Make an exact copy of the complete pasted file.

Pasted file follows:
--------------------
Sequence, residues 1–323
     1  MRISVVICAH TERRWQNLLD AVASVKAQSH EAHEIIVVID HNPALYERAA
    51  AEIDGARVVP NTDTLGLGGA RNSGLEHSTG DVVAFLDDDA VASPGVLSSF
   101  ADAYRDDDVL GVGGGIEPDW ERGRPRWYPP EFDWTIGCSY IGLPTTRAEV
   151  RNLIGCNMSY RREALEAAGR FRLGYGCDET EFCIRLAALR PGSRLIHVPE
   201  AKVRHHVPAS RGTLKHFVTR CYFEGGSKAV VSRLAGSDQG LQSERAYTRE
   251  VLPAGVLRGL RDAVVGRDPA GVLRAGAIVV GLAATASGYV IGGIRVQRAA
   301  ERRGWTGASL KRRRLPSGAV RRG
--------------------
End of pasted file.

Sequence, residues 1–323
     1  MRISVVICAH TERRWQNLLD AVASVKAQSH EAHEIIVVID HNPALYERAA
    51  AEIDGARVVP NTDTLGLGGA RNSGLEHSTG DVVAFLDDDA VASPGVLSSF
   101  ADAYRDDDVL GVGGGIEPDW ERGRPRWYPP EFDWTIGCSY IGLPTTRAEV
   151  RNLIGCNMSY RREALEAAGR FRLGYGCDET EFCIRLAALR PGSRLIHVPE
   201  AKVRHHVPAS RGTLKHFVTR CYFEGGSKAV VSRLAGSDQG LQSERAYTRE
   251  VLPAGVLRGL RDAVVGRDPA GVLRAGAIVV GLAATASGYV IGGIRVQRAA
   301  ERRGWTGASL KRRRLPSGAV RRG